One of the years of Wes’ military service was spent in Germany.  He took full advantage of his time in Europe and spent his leave time exploring the environs traveling by bicycle.  His explorations took him as far as his ancestral town in Denmark.

Throughout his life Wes was known for a broad sense of humor and a propensity for pranks.  One representative army story that illustrates this involves conspiring with another Peterson, who resided in the opposite end of the same barracks, to cover for each other’s fairly frequent, unauthorized absences.  The procedure involved calling out “present” when the sergeant called out “Peterson” during evening roll call, bailing out the window, running to the other end of the barracks, and climbing through the window to report “present” at the other end.  I could recount other similar stories, but if I did, we would be here all day.

After military service, it was back to finish his education at Union College.  But before completing his senior year he had to interrupt his education because of the need to support his growing family.  Kristine joined the family in 1957 followed by Linnaea in 1960.

In searching for work, he found that an elementary school in Colorado was desperately in need of a teacher.  He eagerly took the job, which launched his career in education.  Eric joined the family in 1963, followed by Ingrid in 1964.  During these years in addition to teaching full-time and taking on additional work during the summer months, Wes was also in school.  He completed his Bachelor’s degree from Colorado State University in 1965.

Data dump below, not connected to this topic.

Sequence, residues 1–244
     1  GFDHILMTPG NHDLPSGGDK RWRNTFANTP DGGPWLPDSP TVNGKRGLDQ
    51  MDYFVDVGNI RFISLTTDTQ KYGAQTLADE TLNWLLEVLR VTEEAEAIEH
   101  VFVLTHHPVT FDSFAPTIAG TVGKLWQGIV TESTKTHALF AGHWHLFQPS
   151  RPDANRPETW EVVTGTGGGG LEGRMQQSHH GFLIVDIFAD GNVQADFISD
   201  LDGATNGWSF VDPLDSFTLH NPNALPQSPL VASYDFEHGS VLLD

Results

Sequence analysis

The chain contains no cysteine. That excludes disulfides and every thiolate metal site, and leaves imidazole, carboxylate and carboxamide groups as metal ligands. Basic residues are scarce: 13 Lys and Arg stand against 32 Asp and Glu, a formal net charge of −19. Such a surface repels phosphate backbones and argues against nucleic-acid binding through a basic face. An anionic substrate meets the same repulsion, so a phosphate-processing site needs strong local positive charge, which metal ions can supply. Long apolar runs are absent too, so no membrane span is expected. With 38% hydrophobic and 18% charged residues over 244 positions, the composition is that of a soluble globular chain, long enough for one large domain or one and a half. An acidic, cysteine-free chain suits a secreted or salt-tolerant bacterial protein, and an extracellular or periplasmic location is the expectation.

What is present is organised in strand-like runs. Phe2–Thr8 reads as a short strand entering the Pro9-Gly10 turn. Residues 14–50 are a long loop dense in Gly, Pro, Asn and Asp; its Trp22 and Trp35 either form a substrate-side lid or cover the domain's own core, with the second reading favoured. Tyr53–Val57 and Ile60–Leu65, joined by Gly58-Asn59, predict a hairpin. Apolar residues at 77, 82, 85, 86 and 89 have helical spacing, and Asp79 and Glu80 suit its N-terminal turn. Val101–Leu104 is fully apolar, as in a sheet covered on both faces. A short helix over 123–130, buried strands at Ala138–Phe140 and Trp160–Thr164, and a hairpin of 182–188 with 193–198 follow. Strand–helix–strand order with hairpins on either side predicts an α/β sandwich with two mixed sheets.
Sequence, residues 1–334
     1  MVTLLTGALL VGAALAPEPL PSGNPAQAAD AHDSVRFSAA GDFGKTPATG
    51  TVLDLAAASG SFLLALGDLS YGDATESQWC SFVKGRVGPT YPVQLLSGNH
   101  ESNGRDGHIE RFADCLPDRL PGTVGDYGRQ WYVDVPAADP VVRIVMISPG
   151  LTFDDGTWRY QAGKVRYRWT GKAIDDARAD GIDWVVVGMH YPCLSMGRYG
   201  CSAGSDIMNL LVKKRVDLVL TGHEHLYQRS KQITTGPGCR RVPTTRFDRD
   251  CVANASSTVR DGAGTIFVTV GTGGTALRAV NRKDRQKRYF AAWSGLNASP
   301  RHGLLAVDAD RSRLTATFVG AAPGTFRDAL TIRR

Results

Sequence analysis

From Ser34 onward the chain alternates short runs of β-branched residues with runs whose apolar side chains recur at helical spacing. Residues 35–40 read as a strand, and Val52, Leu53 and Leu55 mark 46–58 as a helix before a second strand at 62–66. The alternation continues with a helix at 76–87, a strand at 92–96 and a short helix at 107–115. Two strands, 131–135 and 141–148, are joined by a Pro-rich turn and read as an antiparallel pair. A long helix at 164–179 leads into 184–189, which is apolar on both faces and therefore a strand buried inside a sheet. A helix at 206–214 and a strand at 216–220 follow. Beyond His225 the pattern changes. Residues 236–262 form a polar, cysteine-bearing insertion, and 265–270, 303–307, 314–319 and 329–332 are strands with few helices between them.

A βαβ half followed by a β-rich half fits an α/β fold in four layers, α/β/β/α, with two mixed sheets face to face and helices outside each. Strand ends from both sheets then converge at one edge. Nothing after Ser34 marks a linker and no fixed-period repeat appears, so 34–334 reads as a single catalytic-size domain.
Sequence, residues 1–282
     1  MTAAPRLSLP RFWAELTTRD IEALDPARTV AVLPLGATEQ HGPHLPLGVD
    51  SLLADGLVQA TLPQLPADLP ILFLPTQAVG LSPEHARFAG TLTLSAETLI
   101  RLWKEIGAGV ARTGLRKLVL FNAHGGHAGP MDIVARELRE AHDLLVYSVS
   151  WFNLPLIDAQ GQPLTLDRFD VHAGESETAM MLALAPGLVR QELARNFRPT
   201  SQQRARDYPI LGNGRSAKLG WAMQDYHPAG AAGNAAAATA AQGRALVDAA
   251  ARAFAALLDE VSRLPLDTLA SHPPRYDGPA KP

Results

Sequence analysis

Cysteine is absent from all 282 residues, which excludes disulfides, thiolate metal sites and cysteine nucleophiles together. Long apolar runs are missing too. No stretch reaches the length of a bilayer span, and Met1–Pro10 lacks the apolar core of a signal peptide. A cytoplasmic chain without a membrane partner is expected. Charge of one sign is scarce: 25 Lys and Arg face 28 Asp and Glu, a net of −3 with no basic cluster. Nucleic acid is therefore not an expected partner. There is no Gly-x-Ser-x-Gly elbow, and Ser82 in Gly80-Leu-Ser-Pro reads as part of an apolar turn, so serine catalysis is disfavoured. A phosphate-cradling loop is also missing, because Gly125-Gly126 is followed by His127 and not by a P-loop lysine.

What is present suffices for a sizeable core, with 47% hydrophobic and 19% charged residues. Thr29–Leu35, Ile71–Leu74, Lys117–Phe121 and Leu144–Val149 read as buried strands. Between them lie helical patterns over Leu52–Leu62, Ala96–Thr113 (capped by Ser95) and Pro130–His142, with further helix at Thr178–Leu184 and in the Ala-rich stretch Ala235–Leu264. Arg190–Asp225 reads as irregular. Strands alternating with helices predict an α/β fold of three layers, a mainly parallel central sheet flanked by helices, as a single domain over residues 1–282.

In 1966 he was invited to return to Union College in Lincoln, NE to assume the role of elementary school teacher and supervisor of student teachers along with teaching summer education classes at the College.  He enjoyed the classroom, and the chairman of the Education Department at Union College referred to Wes as a Master Teacher.  He completed a Master of Education degree at the University of Nebraska in 1969.

1972 found the family traveling to Africa where Wes taught at Kamagamgo Teachers College in Kenya.  Serious episodes of malaria made it advisable to make a change, and the family was transferred to Beirut, Lebanon to teach in the Beirut Overseas School.  When fighting broke out in Beirut in 1975, the entire school was evacuated to Cyprus.   After attempting to “wait out” the fighting in Lebanon for nearly a year, Wes concluded that the conflict was more serious than the recent history of sporadic sectarian clashes, and was unlikely to “blow over.” He made the decision to move his family back to the United States during the summer of 1976.